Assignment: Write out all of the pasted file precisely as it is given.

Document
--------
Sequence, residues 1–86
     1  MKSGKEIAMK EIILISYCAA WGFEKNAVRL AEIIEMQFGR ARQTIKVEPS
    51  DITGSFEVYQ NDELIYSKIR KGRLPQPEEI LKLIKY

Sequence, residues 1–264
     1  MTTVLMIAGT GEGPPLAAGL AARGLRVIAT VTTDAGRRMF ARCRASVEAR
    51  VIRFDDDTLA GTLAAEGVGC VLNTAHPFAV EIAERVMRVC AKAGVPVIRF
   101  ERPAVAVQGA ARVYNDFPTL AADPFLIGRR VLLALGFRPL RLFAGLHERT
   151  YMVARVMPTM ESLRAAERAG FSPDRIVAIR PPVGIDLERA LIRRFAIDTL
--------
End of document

Sequence, residues 1–86
     1  MKSGKEIAMK EIILISYCAA WGFEKNAVRL AEIIEMQFGR ARQTIKVEPS
    51  DITGSFEVYQ NDELIYSKIR KGRLPQPEEI LKLIKY

Sequence, residues 1–264
     1  MTTVLMIAGT GEGPPLAAGL AARGLRVIAT VTTDAGRRMF ARCRASVEAR
    51  VIRFDDDTLA GTLAAEGVGC VLNTAHPFAV EIAERVMRVC AKAGVPVIRF
   101  ERPAVAVQGA ARVYNDFPTL AADPFLIGRR VLLALGFRPL RLFAGLHERT
   151  YMVARVMPTM ESLRAAERAG FSPDRIVAIR PPVGIDLERA LIRRFAIDTL